What is it with the spouses of bedridden super morbidly obese people who keep bringing them trays of food?

Being addicted to excessive amounts of eating is no excuse for bringing to the food addict, who weighs over 600 pounds and is bedridden, heaps and heaps of junky sugary items.

A study from the University of Georgia reveals that the behavior that drives a person to gorge abundantly on food is the same kind of impulsive behavior behind substance abuse.  This is referred to as a compulsive personality.

But the difference between alcohol/drug addiction and that of food is that the former individual can easily ambulate to get the next fix.

A super morbidly obese person who’s confined to bed cannot do this.

Someone else supplies the food, prepares it, brings it to the bedside.

This is the enabler, and is almost always a spouse or significant other.

The journal Appetite (2014) has the University of Georgia report explaining that those with impulsive personalities are more apt to report greater levels of food addiction. This was associated with obesity.

“My lab generally studies alcohol, nicotine and other forms of drug addiction,” says James MacKillop in the paper, principal investigator of the study.

He continues, “…but we think it’s possible to think about impulsivity, food addiction and obesity using some of the same techniques.”

Have you ever noticed that those bedbound, super morbidly obese people on reality TV shows such as “My 600 Pound Life” and “Half-Ton Dad” never live alone?

That’s because it takes two people to create this horrendous situation: the food addict and the enabler. Sometimes there’s more than one enabler.

There’s growing research in the realm of food addiction, and significant research into the causes of obesity.

But where’s the research into what compels a person to become an enabler and help their loved-one kill themselves with food?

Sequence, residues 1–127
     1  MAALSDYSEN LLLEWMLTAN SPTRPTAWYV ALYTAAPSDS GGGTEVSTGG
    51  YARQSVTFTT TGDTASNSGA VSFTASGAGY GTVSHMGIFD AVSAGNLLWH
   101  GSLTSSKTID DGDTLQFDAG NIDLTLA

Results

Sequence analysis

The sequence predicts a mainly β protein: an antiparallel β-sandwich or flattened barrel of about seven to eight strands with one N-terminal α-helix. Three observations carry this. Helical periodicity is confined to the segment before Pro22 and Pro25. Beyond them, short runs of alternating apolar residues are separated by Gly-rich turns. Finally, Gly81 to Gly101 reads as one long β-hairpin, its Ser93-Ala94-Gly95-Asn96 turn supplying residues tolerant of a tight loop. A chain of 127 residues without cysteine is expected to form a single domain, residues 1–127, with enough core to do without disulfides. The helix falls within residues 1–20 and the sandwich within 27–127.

This is like bringing alcohol to a person with liver cirrhosis, or cigarettes to a person with lung cancer. Who’d ever do that?

But here we have all these enablers being depicted on reality TV shows bringing piles of fast food to their 600, 700, sometimes over 800-pound spouse or family member! This is mind-blowing.

And nobody seems to want to address it head-on. The enabling issue gets evaded on TLC’s shows, time and time again.

The only exception to this evasion is the “Half Ton Teen” show, in which the enabler dynamic to the 800 pound young man is explored.

MacKillop hopes that his research will guide physicians and other relevant experts in planning treatments and interventions for the food-addicted super morbidly obese.

However, what about their enablers, in cases where the obese are bedridden or housebound?

This is akin to an alcoholic struggling to abstain, while an enabler keeps bringing this person alcohol every time the addict expresses a desire for liquor.

In addiction, brain circuits are “hijacked,” says MacKillop, laying “the foundation for compulsive eating habits that are similar to drug addiction.”

But this doesn’t mean that those with compulsive behaviors will necessarily become obese, he adds.

Though most enablers to 600 pound individuals are obese themselves, some are not. Thus, the idea of “sharing” an addiction does not seem to apply in all the cases.

Lorra Garrick is a former personal trainer certified by the American Council on Exercise. At Bally Total Fitness she trained clients of all ages for fat loss, muscle building, fitness and improved health. 
Source: sciencedaily.com/releases/2014/01/140124161245.htm